Build­ing a bet­ter city the tiny way

Clarence Street pro­ject makes use of Hamil­ton’s net­work of laneways to pro­vide af­ford­able liv­ing

The Hamilton Spectator - - FRONT PAGE - MARK MCNEIL

EMMA CUBITT HAS BIG DREAMS FOR LIT­TLE HOUSES IN HAMIL­TON.

The 37-year-old ar­chi­tect has emerged as the city’s lead­ing ad­vo­cate for small and tiny house con­struc­tion on un­der­uti­lized land be­side laneways.

It all started with her 2007 mas­ter’s thesis at the Uni­ver­sity of Water­loo — that ex­am­ined the po­ten­tial for laneway hous­ing in Hamil­ton — and now she is de­sign­ing the city’s first laneway/small-house/af­ford­able hous­ing pro­ject.

The devel­op­ment on Clarence Street off Queen Street North by Good Shep­herd Hamil­ton with the So­cial Plan­ning and Re­search Coun­cil (SPRC) plans to be a unique com­mu­nity of 26 small hous­ing units — in du­plexes — for sin­gle women who have ex­pe­ri­enced home­less­ness.

While the av­er­age newly con­structed house in Canada is about 2,000 square feet, these new homes will be less than 600.

Or­ga­niz­ers of the pro­ject on city­owned land hope to have a shovel in the ground by next year.

Cubitt be­lieves that’s just the start of a po­ten­tial con­struc­tion boom that could de­velop into thou­sands of small homes on land be­side an es­ti­mated 70 kilo­me­tres of un­der­uti­lized laneways in the city — if the City of Hamil­ton changes by­laws like many other North Amer­i­can cities have done.

Last week she was in Van­cou­ver and Port­land, Ore­gon, scout­ing out laneway houses that have been built in those com­mu­ni­ties in re­cent years.

“It’s crazy in some neigh­bour­hoods in Van­cou­ver. Al­most ev­ery block has one, two or even four laneway houses. It’s re­ally in­ter­est­ing how it has de­vel­oped,” she said.

And while eco­nom­ics stem­ming from over­heated hous­ing, land and rental prices in that city are play­ing a role in the trend, she noted that Port­land — an Amer­i­can city with hous­ing prices more sim­i­lar to Hamil­ton — is also see­ing a huge in­flux of laneway hous­ing as well.

The key is­sue is that both mu­nic­i­pal­i­ties de­vel­oped by­laws that al­low con­struc­tion along laneways and al­leys, she says.

And that’s some­thing that is be­ing worked on in Hamil­ton.

Ed­ward John, a se­nior pro­ject man­ager in ur­ban re­newal with the city, has been de­vel­op­ing a plan to present to coun­cil­lors later this year or early next year that would make rec­om­men­da­tions about laneway hous­ing.

He says the ma­jor ob­sta­cle is fire de­part­ment ac­cess be­cause laneways are of­ten too nar­row to ac­com­mo­date fire trucks.

But some­times other mea­sures can coun­ter­bal­ance that prob­lem, said John. Laneway houses can be built of non­com­bustible ma­te­ri­als and have sprin­kler sys­tems. That’s what the Good Shep­herd devel­op­ment is plan­ning to make up for lim­ited ac­cess through a nar­row laneway.

Alan Whit­tle, the direc­tor of plan­ning and com­mu­nity re­la­tions with the Good Shep­herd, says, “these kinds of things will ad­dress the real con­cern of the fire code to pre­vent peo­ple from dy­ing.”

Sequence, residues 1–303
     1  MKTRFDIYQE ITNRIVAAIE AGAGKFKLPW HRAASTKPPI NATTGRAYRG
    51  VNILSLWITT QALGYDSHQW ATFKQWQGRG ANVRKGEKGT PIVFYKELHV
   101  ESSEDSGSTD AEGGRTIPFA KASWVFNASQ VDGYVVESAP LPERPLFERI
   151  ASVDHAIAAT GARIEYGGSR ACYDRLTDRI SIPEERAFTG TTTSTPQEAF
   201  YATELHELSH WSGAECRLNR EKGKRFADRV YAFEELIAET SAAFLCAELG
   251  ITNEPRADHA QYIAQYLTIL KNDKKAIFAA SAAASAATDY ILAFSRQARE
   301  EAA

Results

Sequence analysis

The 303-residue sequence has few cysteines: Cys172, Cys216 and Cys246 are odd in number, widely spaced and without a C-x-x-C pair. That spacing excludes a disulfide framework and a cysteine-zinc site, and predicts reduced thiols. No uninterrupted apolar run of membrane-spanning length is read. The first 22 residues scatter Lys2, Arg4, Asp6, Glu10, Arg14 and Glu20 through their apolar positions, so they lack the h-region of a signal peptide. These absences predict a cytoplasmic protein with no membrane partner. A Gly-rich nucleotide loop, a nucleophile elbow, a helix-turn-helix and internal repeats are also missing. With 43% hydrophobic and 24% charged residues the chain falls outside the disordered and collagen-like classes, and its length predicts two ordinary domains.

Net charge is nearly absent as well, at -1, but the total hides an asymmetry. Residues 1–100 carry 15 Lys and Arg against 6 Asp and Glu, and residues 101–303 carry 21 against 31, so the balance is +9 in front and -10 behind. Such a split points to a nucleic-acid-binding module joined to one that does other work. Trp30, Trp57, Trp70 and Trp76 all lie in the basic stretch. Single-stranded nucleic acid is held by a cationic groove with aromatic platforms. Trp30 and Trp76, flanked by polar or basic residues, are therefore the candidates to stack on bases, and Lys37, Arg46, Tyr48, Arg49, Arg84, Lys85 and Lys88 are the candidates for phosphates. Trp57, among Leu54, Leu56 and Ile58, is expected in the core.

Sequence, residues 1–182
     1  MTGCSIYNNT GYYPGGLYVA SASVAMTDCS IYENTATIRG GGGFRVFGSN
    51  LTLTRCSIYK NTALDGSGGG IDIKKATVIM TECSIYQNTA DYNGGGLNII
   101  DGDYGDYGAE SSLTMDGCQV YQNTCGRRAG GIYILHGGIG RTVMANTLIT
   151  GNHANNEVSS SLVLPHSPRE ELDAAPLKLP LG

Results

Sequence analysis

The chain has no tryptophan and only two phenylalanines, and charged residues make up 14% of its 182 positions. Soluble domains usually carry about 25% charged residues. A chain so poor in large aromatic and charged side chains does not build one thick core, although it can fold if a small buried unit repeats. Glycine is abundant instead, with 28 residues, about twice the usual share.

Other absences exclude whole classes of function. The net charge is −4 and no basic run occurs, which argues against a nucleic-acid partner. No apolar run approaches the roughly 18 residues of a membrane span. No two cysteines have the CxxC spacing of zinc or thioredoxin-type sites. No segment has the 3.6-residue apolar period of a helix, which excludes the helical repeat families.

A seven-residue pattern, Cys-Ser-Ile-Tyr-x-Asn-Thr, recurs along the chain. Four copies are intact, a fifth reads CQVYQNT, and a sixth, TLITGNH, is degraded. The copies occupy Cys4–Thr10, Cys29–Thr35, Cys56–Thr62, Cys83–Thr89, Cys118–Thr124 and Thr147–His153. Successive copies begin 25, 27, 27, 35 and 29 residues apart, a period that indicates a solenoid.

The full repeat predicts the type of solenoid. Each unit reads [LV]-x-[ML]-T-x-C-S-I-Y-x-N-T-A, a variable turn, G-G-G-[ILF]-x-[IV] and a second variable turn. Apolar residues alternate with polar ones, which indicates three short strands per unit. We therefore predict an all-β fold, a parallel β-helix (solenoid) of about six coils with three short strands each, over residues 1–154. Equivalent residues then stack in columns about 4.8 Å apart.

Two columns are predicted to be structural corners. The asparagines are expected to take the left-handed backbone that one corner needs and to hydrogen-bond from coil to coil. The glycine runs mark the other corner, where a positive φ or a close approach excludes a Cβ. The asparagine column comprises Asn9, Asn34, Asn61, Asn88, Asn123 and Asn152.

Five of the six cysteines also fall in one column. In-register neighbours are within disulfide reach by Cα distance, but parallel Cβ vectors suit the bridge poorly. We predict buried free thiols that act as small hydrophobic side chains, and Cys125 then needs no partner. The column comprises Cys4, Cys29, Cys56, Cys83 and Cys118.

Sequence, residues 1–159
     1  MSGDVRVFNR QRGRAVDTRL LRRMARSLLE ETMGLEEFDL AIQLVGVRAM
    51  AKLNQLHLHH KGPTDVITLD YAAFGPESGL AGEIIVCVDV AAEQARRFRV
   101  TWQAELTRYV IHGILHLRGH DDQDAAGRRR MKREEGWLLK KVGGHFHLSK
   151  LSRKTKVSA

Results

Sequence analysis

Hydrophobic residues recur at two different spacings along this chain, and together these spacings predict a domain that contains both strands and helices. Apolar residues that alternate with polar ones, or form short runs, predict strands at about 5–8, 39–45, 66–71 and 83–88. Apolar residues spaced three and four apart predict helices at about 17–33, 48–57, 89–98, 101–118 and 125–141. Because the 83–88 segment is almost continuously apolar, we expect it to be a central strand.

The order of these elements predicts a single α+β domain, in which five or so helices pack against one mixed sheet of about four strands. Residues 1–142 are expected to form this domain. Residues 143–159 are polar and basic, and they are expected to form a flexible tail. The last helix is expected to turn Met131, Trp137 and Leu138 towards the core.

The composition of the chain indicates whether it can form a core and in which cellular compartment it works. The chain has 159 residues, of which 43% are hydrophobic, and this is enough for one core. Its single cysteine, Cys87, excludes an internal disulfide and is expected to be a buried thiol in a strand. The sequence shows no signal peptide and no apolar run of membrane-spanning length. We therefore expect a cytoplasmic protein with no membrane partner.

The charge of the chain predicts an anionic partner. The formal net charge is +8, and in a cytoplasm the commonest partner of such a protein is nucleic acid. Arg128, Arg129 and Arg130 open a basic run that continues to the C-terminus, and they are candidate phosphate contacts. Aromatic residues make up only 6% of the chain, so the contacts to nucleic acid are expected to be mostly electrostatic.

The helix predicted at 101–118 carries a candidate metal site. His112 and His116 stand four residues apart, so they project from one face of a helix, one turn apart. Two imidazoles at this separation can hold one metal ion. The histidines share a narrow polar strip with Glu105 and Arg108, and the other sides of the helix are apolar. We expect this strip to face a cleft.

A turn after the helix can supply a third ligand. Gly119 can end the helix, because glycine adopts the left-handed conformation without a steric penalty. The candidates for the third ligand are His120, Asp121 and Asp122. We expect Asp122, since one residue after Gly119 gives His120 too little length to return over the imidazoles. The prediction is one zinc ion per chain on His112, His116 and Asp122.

Renée Wet­se­laar, a So­cial Plan­ner with the SRPC, says the af­ford­able hous­ing devel­op­ment for sin­gle women — built on city owned land that used to have reg­u­lar houses on it be­fore they were de­mol­ished — is a case of deal­ing with a “very chal­lenged pop­u­la­tion and a very chal­lenged piece of land.”

She says the hope is that ten­ants of the small houses will feel “more of a sense of pride and feel more connected with their en­vi­ron­ment than if they lived in a high­rise apart­ment build­ing. And be­cause the houses are smaller they will be eas­ier to man­age.”

Cubitt be­lieves smaller houses put peo­ple on a foot­ing that is more sus­tain­able. Peo­ple don’t need to live in mon­ster houses. They can get by with much less, she says.

Cubitt her­self lives in a 700-square­foot, cen­tury-old house near Hamil­ton’s core, with her hus­band.

“It works great,” she says. “No space is wasted. There is less clean­ing, less en­ergy bills. Our heat­ing bill for the year is un­der $500.”

Dave Kipp, a teacher at West­dale High School, had stu­dents con­struct a 100-square-foot tiny house over the past few years.

It was built to en­cour­age dis­cus­sion about tiny houses, sus­tain­abil­ity and give stu­dents hands on ex­pe­ri­ence work­ing in build­ing trades.

While 100 square feet is small, he notes the size isn’t all that dif­fer­ent from shacks and cab­ins that early set­tlers lived in.

“To­day it’s a ro­man­tic no­tion about sim­ple liv­ing, but back then there was no choice. I guess it’s come full cir­cle.”

CATHIE COW­ARD, THE HAMIL­TON SPECTATOR

Mod­els that ar­chi­tect and tiny home ad­vo­cate Emma Cubitt cre­ated (this one de­pict­ing the St. Clair area) in­cor­po­rat­ing tiny homes into back al­leys and lanes. The darker card­board homes in­di­cate tiny homes among larger ex­ist­ing homes.

PHO­TOS BY CATHIE COW­ARD, THE HAMIL­TON SPECTATOR

Above, Emma Cubitt in her 700-square-foot home.

At left, West­dale High School stu­dents un­der the lead­er­ship of teacher Dave Kipp built a tiny house.

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